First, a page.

During the climax of the first season finale of HBO’s Westworld, Maeve, seemingly sentient (Thandie Newton), makes her escape. With fellow bots Hector and Armistice, as well as bumbling but well-meaning engineer Felix in tow, she travels through a section of the park’s massive Mesa Facility that the audience had ever seen before. Instead of robot gunslingers testing their marksmanship or automaton cowpokes trying their mechanical hand at poker, the hosts on the scene are Samurai warriors swinging swords at one another. Maeve asks Felix what this all is, and he gives her a perfect but typically cryptic answer: “It’s complicated.”

The existence of Samurai World would mean that there are multiple parks within the world of Westworld. And if you’re skeptical about that, peep the note that Felix gives Maeve about her daughter that specifically indicates she’s in “Park 1”). Now, we are left to wonder whether the show will actually explore Samurai World — and other alternate history parks — in its second season. This possibility offers both pros and cons for an already complicated show, and here is a brief overview of the creative cost-benefit analysis.

HBO Westworld "The Bicameral Mind"
Delos, making all the same mistakes again in Samurai World.

Pros

It Expands the Scope of the Show

There has been so much fan chatter about how big the supposedly continent-sized park of Westworld truly is, so much so that there’s been some speculation it isn’t even located on Earth. While the big Season 1 finale didn’t spill the beans about Westworld’s exact galactic location, it did indicate that there’s somehow room for at least one more park.

HBO Westworld "The Bicameral Mind"
Armistice definitely begins to question her reality.

The big potential Samurai World reveal is a tantalizing validation of that speculation. The moment where Maeve, Hector, Armistice, and Felix walk in between Westworld and Samurai World, and Armistice stops to look at the vast Delos facility somewhere means there could be endless possibilities for exploring alternate worlds in future seasons. This gives the creators a vast and intimidating canvas with which to tell their story, but the breadth of those kinds of options makes it easier to expand on the introductory themes explored in of Season 1.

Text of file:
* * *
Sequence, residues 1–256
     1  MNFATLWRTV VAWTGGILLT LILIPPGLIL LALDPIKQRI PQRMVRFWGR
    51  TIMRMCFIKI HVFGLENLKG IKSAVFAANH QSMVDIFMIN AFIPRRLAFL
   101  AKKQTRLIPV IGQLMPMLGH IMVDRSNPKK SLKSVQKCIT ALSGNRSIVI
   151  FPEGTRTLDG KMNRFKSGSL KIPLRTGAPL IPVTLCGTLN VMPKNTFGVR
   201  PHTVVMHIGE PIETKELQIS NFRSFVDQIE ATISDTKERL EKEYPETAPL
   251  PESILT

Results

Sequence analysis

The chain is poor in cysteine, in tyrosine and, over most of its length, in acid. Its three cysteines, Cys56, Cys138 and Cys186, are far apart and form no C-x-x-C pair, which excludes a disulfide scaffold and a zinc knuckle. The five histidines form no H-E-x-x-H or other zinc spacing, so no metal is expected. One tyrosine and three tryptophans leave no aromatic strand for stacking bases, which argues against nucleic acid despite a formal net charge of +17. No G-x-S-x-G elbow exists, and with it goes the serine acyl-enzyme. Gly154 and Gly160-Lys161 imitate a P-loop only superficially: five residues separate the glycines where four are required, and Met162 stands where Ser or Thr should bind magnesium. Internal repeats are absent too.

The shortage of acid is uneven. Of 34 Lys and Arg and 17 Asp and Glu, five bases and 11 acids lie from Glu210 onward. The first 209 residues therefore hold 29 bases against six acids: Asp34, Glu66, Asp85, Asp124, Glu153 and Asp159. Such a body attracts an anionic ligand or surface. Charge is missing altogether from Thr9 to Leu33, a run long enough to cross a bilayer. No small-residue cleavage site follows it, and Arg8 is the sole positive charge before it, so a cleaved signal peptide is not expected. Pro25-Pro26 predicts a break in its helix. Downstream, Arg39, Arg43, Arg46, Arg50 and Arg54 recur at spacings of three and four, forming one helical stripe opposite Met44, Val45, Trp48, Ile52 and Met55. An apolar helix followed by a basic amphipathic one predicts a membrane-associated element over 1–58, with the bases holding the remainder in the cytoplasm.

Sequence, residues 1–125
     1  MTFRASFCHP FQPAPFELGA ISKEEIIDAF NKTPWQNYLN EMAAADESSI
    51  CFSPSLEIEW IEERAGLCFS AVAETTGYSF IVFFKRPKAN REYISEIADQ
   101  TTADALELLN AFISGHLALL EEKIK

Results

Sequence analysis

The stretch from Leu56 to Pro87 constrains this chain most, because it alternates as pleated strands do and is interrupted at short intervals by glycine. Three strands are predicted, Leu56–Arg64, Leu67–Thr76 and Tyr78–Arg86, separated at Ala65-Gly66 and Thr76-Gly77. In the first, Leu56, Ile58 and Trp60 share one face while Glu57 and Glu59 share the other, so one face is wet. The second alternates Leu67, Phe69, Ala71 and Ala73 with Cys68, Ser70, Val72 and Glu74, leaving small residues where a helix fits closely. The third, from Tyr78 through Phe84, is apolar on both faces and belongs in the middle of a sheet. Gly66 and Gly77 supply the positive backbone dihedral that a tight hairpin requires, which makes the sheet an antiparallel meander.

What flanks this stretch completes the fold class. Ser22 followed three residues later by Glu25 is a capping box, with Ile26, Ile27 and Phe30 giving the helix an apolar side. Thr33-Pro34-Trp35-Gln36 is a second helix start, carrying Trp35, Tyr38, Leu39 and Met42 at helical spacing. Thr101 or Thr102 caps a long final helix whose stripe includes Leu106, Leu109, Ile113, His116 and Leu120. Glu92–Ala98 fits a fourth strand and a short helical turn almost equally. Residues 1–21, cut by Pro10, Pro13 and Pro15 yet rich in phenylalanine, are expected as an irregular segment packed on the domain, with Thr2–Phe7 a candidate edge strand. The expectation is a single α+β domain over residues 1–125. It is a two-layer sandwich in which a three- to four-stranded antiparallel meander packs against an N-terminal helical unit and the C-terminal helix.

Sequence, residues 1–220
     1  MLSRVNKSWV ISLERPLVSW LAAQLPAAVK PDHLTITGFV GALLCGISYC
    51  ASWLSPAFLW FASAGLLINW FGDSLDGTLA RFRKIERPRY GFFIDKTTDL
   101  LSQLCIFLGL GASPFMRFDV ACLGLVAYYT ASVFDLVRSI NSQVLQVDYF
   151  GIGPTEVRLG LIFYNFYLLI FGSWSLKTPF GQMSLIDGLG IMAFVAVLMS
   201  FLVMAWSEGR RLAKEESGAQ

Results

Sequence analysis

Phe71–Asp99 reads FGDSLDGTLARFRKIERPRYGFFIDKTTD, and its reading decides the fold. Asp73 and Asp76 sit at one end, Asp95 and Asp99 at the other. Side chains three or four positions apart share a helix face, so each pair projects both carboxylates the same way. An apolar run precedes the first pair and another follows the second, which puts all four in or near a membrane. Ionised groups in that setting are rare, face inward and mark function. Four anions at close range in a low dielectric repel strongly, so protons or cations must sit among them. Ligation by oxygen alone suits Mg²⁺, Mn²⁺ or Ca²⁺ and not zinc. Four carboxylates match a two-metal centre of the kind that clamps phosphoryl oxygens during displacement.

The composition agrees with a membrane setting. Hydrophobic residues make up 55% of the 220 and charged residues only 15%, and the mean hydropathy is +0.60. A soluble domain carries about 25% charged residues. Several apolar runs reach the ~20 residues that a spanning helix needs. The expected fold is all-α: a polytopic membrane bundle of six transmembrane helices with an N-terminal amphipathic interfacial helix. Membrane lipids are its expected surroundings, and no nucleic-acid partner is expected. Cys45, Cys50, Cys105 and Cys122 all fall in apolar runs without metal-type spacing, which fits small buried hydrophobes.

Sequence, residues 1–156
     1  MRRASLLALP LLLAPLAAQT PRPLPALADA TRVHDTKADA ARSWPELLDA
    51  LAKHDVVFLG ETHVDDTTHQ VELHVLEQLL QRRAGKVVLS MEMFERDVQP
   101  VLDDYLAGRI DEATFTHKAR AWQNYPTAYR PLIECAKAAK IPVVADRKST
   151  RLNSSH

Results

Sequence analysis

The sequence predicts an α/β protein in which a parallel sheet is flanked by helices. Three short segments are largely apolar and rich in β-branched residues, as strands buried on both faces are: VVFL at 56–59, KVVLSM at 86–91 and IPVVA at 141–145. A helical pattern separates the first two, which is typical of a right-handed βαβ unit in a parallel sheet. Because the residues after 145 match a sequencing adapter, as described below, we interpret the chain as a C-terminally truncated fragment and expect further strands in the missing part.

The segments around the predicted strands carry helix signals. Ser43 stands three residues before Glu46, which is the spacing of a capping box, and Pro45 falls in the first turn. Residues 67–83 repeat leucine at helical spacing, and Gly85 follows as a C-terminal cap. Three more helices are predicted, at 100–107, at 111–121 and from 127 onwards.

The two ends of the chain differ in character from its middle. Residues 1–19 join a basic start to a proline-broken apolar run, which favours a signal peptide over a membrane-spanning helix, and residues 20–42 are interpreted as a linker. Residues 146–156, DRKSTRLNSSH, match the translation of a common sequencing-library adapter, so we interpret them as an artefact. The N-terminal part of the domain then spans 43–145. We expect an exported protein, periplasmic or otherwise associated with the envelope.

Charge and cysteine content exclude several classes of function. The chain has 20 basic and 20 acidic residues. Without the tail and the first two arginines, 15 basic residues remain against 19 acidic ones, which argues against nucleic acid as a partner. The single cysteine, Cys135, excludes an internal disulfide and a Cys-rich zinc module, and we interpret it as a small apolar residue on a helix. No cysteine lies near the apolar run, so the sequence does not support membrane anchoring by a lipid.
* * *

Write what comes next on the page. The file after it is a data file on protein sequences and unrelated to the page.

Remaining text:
The Delos board of directors wanted to steal Ford’s IP from him, and part of that is perhaps expanding their lucrative fantasy theme park, with places like Samurai World prime examples of the more feasible possibilities. Ford recognized the mistake of robot consciousness in one world and in the end didn’t want to be responsible for making the same mistake again and again in whatever world the Delos engineers cook up next.

Spin-offs!

Establishing new parks might be a tall order for a show that can only be told in ten, one-hour episodes, so it makes sense that all this artificial intelligence craziness could be better explored in even more hours in a completely different show.

Spin-offs don’t carry the same cheaply opportunistic stigma they once did, with examples like Rogue One proving you can pull if off with gusto on the big screen, and others like Fear the Walking Dead showing that they have a great place on TV. HBO has even hinted that they’re more than willing to expand upon their other huge series, Game of Thrones, once that show wraps up after eight seasons. But since they know they have a bona fide hit on their hands with Westworld, being proactive and mixing it up with another show is the best way to go. The original movie did it, so this can do it too.

Cons

It’s Too Lofty, Even For Westworld

No one could plausibly say Westworld isn’t an ambitious show. To expand out to two or three new worlds would take things to an absurd level and might risk losing the show’s central conceit. Viewers might get too lost in the game, just like the Man in Black, or too obsessed with decoding the little signals and signs dropped throughout the episodes. Imagine all the fan theories!

It’s easy to forget that this whole mess is basically about an amusement park where guests go on id-satisfying adventures. Reiterating that by relying on multiple settings would get redundant. Introducing Samurai World and beyond would reduce Westworld to mere novelty, which isn’t exactly a good thing in a show called Westworld.

HBO Westworld "The Bicameral Mind"
Introducing Samurai World ... maybe for Season 2 and beyond.

The main narrative thrust all ties back to Delos and their big endgame. Passing mention of multiple parks, as was done in the finale, could be used to harp on the themes of their greed rather than actually spending time introducing new characters and new storylines in separate parks. Better to stay focused than to wander off into uncharted territory.

It Distracts From the Strengths of Season 1

It’s true that finding out there are multiple worlds behind closed doors in the Delos facility is kind of like robots finding out that their reality is a sham. Realizing what the SW logo meant when Maeve and her robo-squad marched into those doors and found samurai robots is shocking for sure, but are we to believe that the impact of Ford’s weighty decision at the end of Season 1 is meaningless, since it’s too late to keep host consciousness contained to one park?

There are way too many important story arcs left from Season 1 tied to the Old West, and wasting time on introducing new ones would just kind of belittle the puzzle of what was set up in the first season.

Photos via HBO